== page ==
ACC 2021 – Otsuka’s denervation system hits in mid-stage trial

But does it hit hard enough?

The Paradise renal denervation system developed by Recor Medical, now a subsidiary of Otsuka, reduced blood pressure in patients whose hypertension did not respond to drug treatment, data presented at the virtual ACC meeting show. Renal denervation is essentially a two-horse race, and yesterday’s results suggest that Otsuka’s system is comparable to Medtronic’s Symplicity Spyral device. 

Unfortunately there is a broader question: whether the reduction seen with the technique is large enough to translate into a benefit on cardiovascular events, thereby justifying patients undergoing the procedure.

Renal denervation is a technique in which a catheter-mounted probe is inserted through the vasculature and used to burn the nerves in the renal arteries. This process causes a reduction in sympathetic nerve activity, which decreases blood pressure.

The new data come from the Trio cohort of the Radiance-HTN study, consisting of patients on a three-drug combination antihypertensive therapy. Patients treated with the Paradise system had a median daytime ambulatory blood pressure reduction – the primary efficacy endpoint – of 8.0mmHg at two months. Compared with the control group, who underwent a sham procedure, the median between-group difference was a statistically significant 4.5mmHg.

Radiance-HTN (NCT02649426) data
  Solo cohort (without drugs) Trio cohort (with drugs)
  Sham-controlled reduction (mmHg) P value Sham-controlled reduction (mmHg) P value
Daytime systolic ambulatory BP 6.3 0.005 4.5 0.022
Daytime diastolic ambulatory BP 2.6 0.012 1.8 0.18
24-hour systolic ambulatory BP 4.1 0.006 4.2 0.016
24-hour diastolic ambulatory BP 1.8 0.07 2.0 0.12
Office systolic BP 6.5 0.007 7.0 0.037
Office diastolic BP 4.1 0.005 4.0 0.16
Nighttime systolic ambulatory BP 2.5 0.15 3.9 0.044
Nighttime diastolic ambulatory BP 1.4 0.25 2.8 0.053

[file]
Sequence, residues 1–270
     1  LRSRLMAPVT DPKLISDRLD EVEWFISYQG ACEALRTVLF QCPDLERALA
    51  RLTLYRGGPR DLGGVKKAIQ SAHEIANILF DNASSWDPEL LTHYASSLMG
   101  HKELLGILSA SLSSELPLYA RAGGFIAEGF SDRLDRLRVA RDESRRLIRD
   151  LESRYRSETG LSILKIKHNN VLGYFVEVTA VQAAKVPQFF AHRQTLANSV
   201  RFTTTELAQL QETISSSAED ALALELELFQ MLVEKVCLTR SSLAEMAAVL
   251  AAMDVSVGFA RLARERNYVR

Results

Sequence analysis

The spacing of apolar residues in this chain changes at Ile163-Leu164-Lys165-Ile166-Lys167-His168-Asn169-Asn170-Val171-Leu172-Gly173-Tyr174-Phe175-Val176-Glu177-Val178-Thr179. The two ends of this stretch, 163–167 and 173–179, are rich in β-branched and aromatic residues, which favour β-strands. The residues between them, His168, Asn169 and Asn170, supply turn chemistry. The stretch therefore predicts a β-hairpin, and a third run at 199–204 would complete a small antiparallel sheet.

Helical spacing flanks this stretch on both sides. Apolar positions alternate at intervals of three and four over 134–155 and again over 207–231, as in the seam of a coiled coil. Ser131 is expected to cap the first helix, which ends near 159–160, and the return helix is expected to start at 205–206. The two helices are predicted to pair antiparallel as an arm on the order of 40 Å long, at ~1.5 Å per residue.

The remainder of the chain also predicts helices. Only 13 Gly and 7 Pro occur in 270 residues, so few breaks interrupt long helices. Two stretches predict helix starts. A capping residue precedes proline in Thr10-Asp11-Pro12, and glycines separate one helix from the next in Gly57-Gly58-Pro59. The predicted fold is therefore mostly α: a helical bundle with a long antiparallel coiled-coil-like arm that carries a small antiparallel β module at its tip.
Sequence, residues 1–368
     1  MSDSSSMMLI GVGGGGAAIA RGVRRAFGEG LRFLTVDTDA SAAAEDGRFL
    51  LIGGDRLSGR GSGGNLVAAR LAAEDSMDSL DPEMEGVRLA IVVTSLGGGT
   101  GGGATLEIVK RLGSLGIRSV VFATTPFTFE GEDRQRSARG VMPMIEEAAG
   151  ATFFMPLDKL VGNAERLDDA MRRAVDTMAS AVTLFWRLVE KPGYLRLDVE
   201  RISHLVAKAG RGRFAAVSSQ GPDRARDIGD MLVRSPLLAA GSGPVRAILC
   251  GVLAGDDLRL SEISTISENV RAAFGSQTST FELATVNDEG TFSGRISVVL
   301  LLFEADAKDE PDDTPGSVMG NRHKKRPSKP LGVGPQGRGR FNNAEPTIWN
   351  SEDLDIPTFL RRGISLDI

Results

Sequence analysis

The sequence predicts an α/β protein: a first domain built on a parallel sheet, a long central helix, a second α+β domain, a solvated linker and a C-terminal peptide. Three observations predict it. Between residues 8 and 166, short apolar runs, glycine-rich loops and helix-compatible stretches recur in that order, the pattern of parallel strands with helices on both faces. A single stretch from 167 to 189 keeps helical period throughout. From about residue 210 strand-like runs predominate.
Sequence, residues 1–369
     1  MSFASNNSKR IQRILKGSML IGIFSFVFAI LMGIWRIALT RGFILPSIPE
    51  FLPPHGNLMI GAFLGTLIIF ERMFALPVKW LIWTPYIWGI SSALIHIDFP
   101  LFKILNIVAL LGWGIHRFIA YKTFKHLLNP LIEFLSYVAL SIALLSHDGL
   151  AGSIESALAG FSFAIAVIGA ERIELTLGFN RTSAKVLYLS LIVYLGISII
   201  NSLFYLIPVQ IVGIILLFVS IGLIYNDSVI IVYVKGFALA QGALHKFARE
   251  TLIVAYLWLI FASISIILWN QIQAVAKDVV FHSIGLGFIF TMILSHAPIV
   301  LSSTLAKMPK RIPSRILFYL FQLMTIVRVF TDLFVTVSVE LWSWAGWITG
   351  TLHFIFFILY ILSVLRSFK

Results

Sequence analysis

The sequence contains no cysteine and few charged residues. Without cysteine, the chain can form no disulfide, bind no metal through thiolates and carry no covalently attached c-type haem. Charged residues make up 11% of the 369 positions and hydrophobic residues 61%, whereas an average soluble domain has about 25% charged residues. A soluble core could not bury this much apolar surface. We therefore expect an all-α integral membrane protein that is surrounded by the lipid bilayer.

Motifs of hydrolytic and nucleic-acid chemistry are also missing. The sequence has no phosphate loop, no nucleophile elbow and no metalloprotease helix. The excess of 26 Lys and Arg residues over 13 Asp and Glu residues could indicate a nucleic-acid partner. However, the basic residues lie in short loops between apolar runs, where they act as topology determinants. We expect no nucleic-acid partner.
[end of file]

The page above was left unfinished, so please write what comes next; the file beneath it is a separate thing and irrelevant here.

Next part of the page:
Home systolic BP 7.1 <0.001 4.0 0.052
Home diastolic BP 3.6 <0.001 3.0 0.053
Before randomisation subjects were hypertensive in the absence of hypertension medication (Solo) or despite treatment with a fixed-dose combination of amlodipine, valsartan/olmesartan and hydrochlorothiazide (Trio). Source: EuroPCR 2018, ACC 2021 & the Lancet.

Results from Radiance-HTN-Trio were generally not as impressive as those from the Solo cohort, consisting of patients who were hypertensive without having received drug therapy. In Solo, data from which were reported three years ago, patients treated with Paradise had a median two-month blood pressure reduction 6.3mmHg greater than those who underwent the sham.

Putting this in context, Medtronic’s Spyral HTN-On Med trial, which is roughly analogous to the Trio cohort in Otsuka’s trial, showed a sham-adjusted reduction of 5.7mmHg in daytime systolic pressure. Those results were an interim cut from the trial concerning six-month data from the first 80 patients. Full data from On Med are expected towards the end of this year.

Beyond the usual concerns of comparing data from different trials, there is another major difference between Medtronic’s and Otsuka’s systems: Paradise uses ultrasound to ablate the renal nerves, whereas Spyral uses radiofrequency energy.


In an editorial in the Lancet accompanying publication of the Trio results, Professor Michael Böhm and Dr Lucas Lauder of Saarland University Hospital in Homburg, Germany wrote that though a blood pressure reduction of 4.5mmHg seemed small it could be clinically relevant, since in hypertensive drug trials a decline of this magnitude translates into a 15-20% reduction in major cardiovascular events. 

The researchers wrote that more data were needed to make a definitive link between blood pressure reduction and clinical outcomes.

It is unlikely that this could come from the pivotal trial of Paradise. Radiance II has two co-primary endpoints: change in daytime ambulatory systolic blood pressure at two months and the incidence of major adverse events within 30 days of the procedure. The time frame of the last means it is likely a way to assess the safety of the denervation procedure rather than the effect of denervation on outcomes, since the latter would require a longer-term look. 

Still, Radiance II’s endpoints have been agreed with the US FDA, so when the trial reports next year a hit would presumably be sufficient for US approval. But cardiologists will have to be convinced that renal denervation can improve patients’ lives if the technique is to truly take off.

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